State Records Archive
Title: Bangemall – Native Affairs
Keywords: Monkey, Banjo, Tambourene, Jennie, Robert Wilkinson, Bangemall, Mt Phillip Station, Alfred Oakley, labour
Dec 3rd, 1908
To Chief Protector of Aborigines
I would like you to settle a little difference betwixt A E Oakley Mt Phillip Stn and myself. A native by the name of Banjo who was in my employ for some years had a woman named Tambourene, alias Jennie. Banjo died and the woman fell heir to native named Monkey in Oakley’s employ. The native does not want the woman to go to Oakley’s station, he wants to come to Bangemall. He ran away and was arrested for absconding and let off with a caution. The boy was bribed with his [word missing?] to signe [sic] on again and has since ran away. Oakley accuses me of arbouring [sic] the woman, which has never been on his station. I am giving her rations to cart wood and water to 4 blind relief natives. As a license can not keep natives about the Hotel, Mr Aycliffe and myself never serve natives and I don’t think there is a native in the camp knows the taste of spiritous liquors if there is it is not of our giving. If I am allowed a native to work it would go hard with me as I could not afford to pay a white man to shepherd the few killing sheep for the place. The said Monkey has cleared to the Ashburton for Wilga which they paint with for Corobooree [sic]. If he should come back as he is a good boy would you let me know if there is such a thing as absconding under the British flag. The boy does not want to stay on Mt Phillip Station and the woman does not want to go. Please let me know and I will try and make them go to the station or detain them as you wish in anticipation.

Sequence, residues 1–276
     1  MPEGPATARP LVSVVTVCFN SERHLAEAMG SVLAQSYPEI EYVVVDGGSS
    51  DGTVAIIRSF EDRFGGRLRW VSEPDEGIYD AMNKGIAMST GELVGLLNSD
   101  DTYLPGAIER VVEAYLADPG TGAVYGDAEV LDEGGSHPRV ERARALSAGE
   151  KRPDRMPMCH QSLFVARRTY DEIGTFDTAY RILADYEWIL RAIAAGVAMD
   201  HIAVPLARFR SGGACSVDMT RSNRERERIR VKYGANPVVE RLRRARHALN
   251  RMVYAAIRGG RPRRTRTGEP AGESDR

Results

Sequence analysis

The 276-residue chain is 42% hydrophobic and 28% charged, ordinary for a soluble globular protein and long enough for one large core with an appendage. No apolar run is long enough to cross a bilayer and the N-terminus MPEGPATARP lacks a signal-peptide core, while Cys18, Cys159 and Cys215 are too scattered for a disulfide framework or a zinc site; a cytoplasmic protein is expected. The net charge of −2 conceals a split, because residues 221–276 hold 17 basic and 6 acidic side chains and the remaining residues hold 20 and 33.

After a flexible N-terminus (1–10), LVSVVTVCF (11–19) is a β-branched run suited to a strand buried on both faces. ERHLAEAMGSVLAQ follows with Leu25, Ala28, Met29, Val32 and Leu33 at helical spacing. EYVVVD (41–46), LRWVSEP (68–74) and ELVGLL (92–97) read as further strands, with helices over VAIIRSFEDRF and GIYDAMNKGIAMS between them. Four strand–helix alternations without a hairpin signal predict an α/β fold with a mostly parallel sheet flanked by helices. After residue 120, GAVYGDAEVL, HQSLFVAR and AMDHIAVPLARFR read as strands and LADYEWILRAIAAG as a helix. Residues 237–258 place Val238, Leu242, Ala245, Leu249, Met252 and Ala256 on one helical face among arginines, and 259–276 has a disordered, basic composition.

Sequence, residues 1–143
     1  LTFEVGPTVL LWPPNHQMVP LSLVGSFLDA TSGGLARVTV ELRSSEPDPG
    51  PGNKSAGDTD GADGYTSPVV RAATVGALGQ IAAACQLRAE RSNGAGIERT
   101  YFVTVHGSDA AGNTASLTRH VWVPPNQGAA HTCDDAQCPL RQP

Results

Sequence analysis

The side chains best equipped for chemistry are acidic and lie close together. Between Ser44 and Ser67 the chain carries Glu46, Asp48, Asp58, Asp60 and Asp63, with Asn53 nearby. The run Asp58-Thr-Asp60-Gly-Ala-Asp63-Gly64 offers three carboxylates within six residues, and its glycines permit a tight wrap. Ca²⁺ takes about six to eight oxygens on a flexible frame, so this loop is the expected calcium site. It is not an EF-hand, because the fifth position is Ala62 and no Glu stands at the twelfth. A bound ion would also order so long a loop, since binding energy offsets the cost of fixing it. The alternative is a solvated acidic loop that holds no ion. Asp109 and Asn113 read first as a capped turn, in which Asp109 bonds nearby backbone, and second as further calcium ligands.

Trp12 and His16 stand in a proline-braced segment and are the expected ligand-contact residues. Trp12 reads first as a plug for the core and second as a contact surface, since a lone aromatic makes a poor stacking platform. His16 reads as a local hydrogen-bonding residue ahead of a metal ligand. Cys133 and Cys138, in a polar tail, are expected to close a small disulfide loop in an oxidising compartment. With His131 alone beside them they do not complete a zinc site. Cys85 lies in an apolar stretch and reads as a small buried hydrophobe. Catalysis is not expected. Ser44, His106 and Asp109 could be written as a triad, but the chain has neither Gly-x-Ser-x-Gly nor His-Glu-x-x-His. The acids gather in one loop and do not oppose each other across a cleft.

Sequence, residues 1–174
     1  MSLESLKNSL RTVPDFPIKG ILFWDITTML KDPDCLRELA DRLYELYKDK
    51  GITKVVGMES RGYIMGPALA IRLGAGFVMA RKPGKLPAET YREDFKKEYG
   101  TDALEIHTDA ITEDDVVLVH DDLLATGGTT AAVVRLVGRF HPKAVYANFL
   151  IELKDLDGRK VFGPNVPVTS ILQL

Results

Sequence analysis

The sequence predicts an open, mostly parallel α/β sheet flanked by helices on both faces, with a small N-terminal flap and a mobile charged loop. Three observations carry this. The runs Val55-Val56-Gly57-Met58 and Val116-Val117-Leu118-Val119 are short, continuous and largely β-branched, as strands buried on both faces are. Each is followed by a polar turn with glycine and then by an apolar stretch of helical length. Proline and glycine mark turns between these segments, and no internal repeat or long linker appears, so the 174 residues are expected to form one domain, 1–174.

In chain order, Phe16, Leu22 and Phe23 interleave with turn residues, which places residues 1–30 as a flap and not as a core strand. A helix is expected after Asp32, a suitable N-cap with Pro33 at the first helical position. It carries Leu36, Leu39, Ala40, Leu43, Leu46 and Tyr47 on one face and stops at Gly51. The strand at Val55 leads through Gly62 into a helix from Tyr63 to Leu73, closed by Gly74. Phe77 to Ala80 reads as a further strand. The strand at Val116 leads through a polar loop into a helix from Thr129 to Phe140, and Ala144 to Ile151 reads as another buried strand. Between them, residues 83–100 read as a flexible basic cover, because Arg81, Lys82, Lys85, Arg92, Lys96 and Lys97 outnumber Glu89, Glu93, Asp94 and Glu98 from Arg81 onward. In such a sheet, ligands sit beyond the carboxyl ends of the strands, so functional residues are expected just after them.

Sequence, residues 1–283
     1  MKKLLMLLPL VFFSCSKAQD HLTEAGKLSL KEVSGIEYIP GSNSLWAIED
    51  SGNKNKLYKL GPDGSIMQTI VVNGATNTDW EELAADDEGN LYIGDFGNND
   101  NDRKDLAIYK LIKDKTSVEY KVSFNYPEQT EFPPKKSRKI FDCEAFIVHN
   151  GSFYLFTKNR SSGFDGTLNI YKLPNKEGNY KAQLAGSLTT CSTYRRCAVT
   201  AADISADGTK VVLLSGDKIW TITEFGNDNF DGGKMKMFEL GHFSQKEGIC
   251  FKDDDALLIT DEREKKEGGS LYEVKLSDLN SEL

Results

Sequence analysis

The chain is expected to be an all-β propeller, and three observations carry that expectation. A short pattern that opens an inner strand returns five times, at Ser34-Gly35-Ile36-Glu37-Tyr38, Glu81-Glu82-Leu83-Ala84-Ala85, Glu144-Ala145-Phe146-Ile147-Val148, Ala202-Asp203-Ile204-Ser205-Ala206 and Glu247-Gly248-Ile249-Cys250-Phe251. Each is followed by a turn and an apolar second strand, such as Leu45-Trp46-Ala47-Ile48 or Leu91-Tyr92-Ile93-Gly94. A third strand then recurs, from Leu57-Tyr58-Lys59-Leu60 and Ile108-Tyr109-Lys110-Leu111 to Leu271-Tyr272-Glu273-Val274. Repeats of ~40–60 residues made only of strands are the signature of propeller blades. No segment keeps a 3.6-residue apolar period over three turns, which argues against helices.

To: Mr Wilkinson, Bangemall
13th Jan 1909
I beg to acknowledge receipt of your letter of the 3rd ultimo and to inform you that if the Native Monkey is an employee of Mr Oakley and is duly signed on as such you have no right to keep him in your employ, also that according to tribal custom, the woman mentioned is Banjoes wife and he wishes her to live with him, the proper course for you to adopt is to assist her to do so.
I have the honour to be, Sir, your obedient servant,
Chief Protector of Aborigines
Robert Wilkinson was the owner and publican of the Bangemall Hotel. He found a large gold nugget while prospecting at Bangemall in 1904 and in 1905 was granted a license for the hotel with Mr Ayliffe. In 1912 the license was contested by the police because of the “ruinous and dilapidated” state of the building: “There were holes in the roof and with every fall of rain a part of the walls of the rooms came away…There was no accommodation and no beds, and travellers had to camp outside.”
Alfred E Oakley was the manager, then owner of Mt Phillip Station. In a 1927 interview with Oakley, the newspaper reported, “When Mr Oakley first penetrated the wilds of the northern country, as they then were, the natives were very numerous and treacherous. In those days no white man thought of going to bed without his revolver in close proximity. Today, however, there is hardly an aboriginal to be seen.”